MS Risk Blog

Colombia Elects its First Ever Leftist President

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On 19 June, Gustavo Petro was elected as the next president of Colombia, with 50.8% of the vote. His rival, Rodolfo Hernandez, gained 46.9%. A current senator and previous mayor of Bogota, Gustavo Petro was also a member of the M-19 guerrilla movement.

Petro’s victory marks the first time the country has seen a leftist president. His vice president will be Francia Márquez, a prize-winning defender of human rights, marking the first time that a black woman will occupy the post. Colombians opting for leftist Petro over populist Hernandez is the latest continuation of a region-wide trend, as in the last couple of years multiple South American countries have selected left wing leadership. In 2021, Chilean presidential elections saw Gabriel Boric being voted in, and Pedro Castillo was elected president of Peru. Silvana Amaya, an analyst at Control Risks consultancy in Bogota, describes Petro’s victory as “historic,”, elaborating that “Colombia has traditionally voted very conservative. This marks a big change, a move to a very different economic model.”

Luis Eduardo Celis, of Colombian thinktank the Peace and Reconciliation foundation, lists a number of the issues that Petro will need to address including “agrarian reform, an economy at the service of the people, a more equitable taxation, to get out of hunger, out of poverty, to put an end to all that violence.” Petro himself advocates that he will listen to “that silent majority of peasants, Indigenous people, women, youth.”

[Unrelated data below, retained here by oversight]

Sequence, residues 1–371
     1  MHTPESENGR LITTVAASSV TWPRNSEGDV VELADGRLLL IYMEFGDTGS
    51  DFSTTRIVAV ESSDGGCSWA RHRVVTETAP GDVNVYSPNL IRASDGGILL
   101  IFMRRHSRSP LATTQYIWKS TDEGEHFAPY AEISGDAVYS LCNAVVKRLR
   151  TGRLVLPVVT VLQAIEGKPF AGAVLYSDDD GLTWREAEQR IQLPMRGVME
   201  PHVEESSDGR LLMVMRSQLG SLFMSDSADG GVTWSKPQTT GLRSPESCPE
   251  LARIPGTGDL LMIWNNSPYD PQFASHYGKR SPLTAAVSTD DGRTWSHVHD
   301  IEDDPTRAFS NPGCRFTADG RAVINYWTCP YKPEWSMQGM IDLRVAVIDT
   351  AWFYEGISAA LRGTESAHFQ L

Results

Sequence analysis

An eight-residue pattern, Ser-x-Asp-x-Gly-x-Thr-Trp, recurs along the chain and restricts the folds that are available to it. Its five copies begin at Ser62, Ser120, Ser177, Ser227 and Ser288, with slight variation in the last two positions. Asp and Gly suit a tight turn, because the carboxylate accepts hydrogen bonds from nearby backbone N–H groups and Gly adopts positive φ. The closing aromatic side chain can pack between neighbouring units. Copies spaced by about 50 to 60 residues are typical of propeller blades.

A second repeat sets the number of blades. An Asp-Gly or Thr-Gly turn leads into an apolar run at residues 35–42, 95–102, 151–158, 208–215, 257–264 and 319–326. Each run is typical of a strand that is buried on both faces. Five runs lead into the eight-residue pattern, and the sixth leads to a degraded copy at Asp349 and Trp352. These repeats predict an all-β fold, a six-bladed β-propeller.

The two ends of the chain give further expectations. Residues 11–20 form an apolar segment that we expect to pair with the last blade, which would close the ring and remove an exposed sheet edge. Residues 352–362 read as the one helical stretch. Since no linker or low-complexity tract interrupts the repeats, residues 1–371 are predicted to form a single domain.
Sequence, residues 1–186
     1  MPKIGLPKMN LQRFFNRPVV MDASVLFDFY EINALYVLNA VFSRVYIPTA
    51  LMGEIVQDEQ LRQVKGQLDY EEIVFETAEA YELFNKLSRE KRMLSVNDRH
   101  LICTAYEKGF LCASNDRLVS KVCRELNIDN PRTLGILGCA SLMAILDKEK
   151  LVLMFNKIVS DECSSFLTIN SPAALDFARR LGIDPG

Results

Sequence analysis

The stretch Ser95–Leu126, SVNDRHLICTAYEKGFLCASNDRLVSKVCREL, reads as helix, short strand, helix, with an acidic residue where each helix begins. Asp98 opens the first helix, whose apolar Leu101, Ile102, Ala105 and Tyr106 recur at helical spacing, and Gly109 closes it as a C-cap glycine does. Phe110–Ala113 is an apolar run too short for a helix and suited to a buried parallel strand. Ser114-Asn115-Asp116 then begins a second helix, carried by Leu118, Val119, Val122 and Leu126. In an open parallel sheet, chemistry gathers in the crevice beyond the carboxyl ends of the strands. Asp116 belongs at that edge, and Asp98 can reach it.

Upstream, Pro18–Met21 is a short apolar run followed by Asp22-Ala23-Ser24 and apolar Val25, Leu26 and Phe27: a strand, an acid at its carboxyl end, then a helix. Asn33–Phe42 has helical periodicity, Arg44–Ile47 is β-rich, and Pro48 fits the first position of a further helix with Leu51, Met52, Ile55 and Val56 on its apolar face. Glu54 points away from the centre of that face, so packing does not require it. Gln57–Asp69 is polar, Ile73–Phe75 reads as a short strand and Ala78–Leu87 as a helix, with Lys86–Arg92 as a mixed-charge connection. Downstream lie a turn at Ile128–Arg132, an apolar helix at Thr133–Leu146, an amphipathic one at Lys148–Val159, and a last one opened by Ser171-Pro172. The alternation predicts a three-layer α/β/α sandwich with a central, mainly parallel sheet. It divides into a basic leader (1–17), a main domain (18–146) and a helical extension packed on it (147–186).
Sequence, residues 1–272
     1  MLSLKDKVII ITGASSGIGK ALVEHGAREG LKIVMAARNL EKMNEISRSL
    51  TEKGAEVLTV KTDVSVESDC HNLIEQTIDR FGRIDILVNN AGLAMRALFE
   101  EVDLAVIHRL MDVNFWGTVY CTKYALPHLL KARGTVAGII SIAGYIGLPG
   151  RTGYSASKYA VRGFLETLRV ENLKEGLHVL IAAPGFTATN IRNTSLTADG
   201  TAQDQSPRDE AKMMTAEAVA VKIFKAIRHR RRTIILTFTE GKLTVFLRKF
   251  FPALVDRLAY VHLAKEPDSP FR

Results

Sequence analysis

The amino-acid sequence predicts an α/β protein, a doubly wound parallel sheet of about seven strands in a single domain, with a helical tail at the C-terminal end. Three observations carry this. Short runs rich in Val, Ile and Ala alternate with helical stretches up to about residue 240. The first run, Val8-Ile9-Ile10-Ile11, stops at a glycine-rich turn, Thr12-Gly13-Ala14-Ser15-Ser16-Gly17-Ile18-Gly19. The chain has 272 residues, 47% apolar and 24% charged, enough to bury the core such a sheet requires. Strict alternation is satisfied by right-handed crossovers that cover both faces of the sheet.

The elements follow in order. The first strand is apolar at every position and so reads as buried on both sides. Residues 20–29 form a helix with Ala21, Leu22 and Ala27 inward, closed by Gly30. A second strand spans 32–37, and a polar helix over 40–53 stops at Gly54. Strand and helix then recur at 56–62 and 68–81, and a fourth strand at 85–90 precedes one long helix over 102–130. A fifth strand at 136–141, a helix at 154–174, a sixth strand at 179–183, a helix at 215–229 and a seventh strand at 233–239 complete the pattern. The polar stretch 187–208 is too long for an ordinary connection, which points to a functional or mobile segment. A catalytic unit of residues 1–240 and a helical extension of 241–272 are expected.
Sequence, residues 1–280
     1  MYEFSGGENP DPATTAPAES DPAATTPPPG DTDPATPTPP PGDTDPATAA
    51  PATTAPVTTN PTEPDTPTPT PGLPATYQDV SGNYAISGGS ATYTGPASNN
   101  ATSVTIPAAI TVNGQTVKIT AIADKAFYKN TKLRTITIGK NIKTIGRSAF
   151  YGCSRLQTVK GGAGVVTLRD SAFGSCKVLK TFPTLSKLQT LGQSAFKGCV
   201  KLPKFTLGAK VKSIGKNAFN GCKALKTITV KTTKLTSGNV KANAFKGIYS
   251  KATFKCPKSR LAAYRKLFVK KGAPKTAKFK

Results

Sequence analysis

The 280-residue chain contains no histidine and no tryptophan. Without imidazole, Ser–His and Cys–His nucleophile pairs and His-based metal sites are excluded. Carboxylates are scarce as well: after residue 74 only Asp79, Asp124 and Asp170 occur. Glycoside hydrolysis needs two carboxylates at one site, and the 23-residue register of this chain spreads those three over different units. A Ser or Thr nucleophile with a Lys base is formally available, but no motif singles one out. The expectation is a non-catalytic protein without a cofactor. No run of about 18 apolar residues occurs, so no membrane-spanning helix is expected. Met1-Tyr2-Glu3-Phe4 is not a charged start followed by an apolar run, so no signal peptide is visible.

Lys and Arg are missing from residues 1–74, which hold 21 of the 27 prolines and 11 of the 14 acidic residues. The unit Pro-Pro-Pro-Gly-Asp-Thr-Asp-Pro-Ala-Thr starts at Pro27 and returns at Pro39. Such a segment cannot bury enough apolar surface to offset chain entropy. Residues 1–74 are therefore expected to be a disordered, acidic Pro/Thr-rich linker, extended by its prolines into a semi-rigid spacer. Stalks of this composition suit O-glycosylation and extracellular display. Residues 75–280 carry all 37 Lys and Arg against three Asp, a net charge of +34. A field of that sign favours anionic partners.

Petro is expected to take a new approach to historic domestic issues, such as Colombia’s problem with armed groups. Of particular importance will be managing the situation with former FARC dissidents and The ELN (National Liberation Army) – the two largest guerrilla groups in the country. Fighting between former FARC members and the ELN has caused significant numbers of civilian casualties over recent months. January saw 23 people killed in Arauca over one weekend. At least 66 people were killed in the region overall, and at least 1,200 people were displaced by the violence according to Colombia’s ombudsman’s office. The resurgence of violence from the FARC is thought to be in large part due to current president Ivan Duque’s disregard for conditions of the 2016 peace agreement, where the FARC agreed to disarm in exchange for being permitted to re-integrate into society without retribution. Though Petro has not provided specific details of his planned security policy, it seems likely that it will differ from Duque’s approach and hopefully see more success. An early indicator of this is that the ELN have now expressed that they are open to dialogue with Petro.

Petro proposes some revolutionary reforms to Colombia’s economy, pledging to reduce Colombia’s dependence on raw materials extraction, particularly oil. If he executes his plan to ban new contracts for oil exploration, Colombia would become the world’s biggest crude exporter (in terms of crude oil’s share of the country’s total exports) to take this step. He says that he would honour existing exploration and production contracts, in order to eventually replace oil revenues gradually with revenue from other sectors such as agriculture, manufactured goods, tourism, and clean energy. It would be a considerable amount to make up via other means since The Colombian Association of Petroleum and Gas estimated in May that banning new oil contracts could cost the government around $4.5 billion in tax revenue by 2026.

On international matters, it is likely that Petro’s election will lead to a renewed relationship with neighbouring Venezuela. He has advocated for reneging Duque’s policy of isolation, and opening dialogue with Nicolas Maduro. This approach is unlikely to be well received by the U.S. and other countries who support the opposition government led by Juan Guaido.